“People […] want to teach Cree, [but] which Cree?” Vowel said. “There’s this […] push to standardize [….] When you have six different dialects, people tend to pick the biggest one, the one that’s represented by the most; [but] we don’t want to get rid of [that] diversity.”

Photo courtesy of Leonor Daigneault.
Photo courtesy of Leonor Daigneault.

Allan Vicaire, the Indigenous education advisor at the Social Equity and Diversity Education (SEDE) office at McGill, works closely with programs such as Indigenous Awareness Week and workshops targeting students and faculty in order to educate the McGill community about Indigenous people in Canada. Vicaire explained that while the school will hopefully be offering an Indigenous Studies minor in the near future, there are still challenges with incorporating a comprehensive language component.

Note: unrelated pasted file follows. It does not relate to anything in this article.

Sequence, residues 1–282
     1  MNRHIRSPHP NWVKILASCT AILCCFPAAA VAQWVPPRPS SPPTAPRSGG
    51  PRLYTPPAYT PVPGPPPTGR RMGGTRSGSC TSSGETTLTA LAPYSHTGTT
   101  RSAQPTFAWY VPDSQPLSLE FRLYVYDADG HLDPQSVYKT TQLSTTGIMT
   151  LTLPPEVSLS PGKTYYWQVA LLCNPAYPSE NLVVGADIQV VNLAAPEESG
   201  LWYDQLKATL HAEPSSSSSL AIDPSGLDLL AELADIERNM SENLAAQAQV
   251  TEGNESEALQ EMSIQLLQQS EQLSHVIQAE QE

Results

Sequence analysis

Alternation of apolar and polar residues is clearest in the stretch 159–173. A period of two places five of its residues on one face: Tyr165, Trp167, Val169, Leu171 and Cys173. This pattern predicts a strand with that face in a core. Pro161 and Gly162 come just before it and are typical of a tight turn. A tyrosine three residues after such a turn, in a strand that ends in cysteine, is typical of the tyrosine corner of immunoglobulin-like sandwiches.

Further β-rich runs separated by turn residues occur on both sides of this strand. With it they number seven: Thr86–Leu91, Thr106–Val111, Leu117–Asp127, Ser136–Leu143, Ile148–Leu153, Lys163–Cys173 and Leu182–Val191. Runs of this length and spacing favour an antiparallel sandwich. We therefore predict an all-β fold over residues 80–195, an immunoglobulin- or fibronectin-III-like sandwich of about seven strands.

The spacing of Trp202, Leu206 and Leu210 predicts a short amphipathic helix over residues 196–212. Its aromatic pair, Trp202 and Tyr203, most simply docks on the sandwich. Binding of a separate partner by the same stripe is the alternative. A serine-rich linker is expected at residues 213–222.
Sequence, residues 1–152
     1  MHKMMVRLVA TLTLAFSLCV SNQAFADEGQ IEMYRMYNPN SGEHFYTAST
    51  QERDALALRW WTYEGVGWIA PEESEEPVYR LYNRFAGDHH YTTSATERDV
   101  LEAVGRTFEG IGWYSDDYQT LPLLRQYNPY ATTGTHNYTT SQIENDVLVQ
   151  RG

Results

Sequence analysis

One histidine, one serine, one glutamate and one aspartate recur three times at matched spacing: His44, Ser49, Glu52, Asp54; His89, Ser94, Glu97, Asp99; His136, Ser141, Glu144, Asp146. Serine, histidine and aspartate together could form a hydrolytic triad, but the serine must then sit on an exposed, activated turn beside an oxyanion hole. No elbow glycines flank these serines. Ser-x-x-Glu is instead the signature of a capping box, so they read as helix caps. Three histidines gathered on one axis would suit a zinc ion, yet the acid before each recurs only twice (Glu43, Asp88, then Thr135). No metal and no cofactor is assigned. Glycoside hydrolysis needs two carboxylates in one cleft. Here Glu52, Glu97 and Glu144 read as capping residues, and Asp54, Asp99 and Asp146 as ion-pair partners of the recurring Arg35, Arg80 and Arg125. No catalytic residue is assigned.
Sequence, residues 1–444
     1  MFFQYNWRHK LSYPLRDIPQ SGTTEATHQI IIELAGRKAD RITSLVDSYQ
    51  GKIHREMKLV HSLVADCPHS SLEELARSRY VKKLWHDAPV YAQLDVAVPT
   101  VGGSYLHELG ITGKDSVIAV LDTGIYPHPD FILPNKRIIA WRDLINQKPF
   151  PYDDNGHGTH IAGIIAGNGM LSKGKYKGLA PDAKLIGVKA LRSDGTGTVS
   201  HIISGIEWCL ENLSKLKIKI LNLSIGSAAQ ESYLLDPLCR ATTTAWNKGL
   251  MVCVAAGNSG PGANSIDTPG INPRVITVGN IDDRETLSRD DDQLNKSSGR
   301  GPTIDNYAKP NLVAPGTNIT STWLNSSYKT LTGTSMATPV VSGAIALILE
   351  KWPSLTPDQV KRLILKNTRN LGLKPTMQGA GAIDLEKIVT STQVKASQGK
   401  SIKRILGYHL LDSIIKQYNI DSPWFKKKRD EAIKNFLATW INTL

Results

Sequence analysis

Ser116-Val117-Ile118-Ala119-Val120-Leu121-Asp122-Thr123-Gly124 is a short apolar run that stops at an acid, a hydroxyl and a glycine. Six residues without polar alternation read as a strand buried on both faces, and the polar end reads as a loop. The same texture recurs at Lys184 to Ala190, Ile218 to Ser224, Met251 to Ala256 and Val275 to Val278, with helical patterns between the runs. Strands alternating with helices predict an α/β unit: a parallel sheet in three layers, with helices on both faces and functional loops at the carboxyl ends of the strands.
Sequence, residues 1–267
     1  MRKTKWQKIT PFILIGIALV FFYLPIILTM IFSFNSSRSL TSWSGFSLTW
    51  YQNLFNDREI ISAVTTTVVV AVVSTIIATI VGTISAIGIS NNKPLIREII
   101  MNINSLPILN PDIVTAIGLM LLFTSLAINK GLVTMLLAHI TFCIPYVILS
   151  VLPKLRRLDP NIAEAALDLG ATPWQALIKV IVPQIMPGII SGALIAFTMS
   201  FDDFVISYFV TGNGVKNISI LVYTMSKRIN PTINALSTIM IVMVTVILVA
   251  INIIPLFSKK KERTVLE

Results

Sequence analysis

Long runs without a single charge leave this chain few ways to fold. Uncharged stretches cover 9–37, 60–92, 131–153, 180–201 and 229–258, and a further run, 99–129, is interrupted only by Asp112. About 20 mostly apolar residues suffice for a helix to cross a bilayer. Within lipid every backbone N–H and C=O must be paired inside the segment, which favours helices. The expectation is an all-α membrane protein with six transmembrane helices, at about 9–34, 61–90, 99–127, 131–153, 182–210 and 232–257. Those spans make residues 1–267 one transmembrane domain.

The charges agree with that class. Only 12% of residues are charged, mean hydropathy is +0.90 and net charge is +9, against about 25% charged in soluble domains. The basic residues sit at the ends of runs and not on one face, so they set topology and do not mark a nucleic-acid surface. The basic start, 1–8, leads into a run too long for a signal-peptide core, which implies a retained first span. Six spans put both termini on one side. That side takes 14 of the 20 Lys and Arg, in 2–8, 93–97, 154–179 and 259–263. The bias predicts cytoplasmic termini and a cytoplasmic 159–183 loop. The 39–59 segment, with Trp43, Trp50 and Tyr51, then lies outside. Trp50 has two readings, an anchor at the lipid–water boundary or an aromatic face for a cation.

“[There could be a] resource program [at McGill] in Mohawk, or maybe Inuit or Cree,” Vicaire said. “But most of the times, [groups will] only offer programs in the surrounding communities. Not all languages will be taught at McGill because there are so many.”

Recently, the First Peoples’ House (FPH) at McGill has started to offer a Mi’gmaq language class in an attempt to provide more learning opportunities within the McGill community. Janine Metallic, a Mi’gmaq from Listuguj and PhD candidate in McGill’s Department of Integrated Studies in Education (DISE) and Mi’gmaq language consultant in McGill’s Department of Linguistics, was approached by Vicaire and Paige Isaac, FPH coordinator, to teach the class.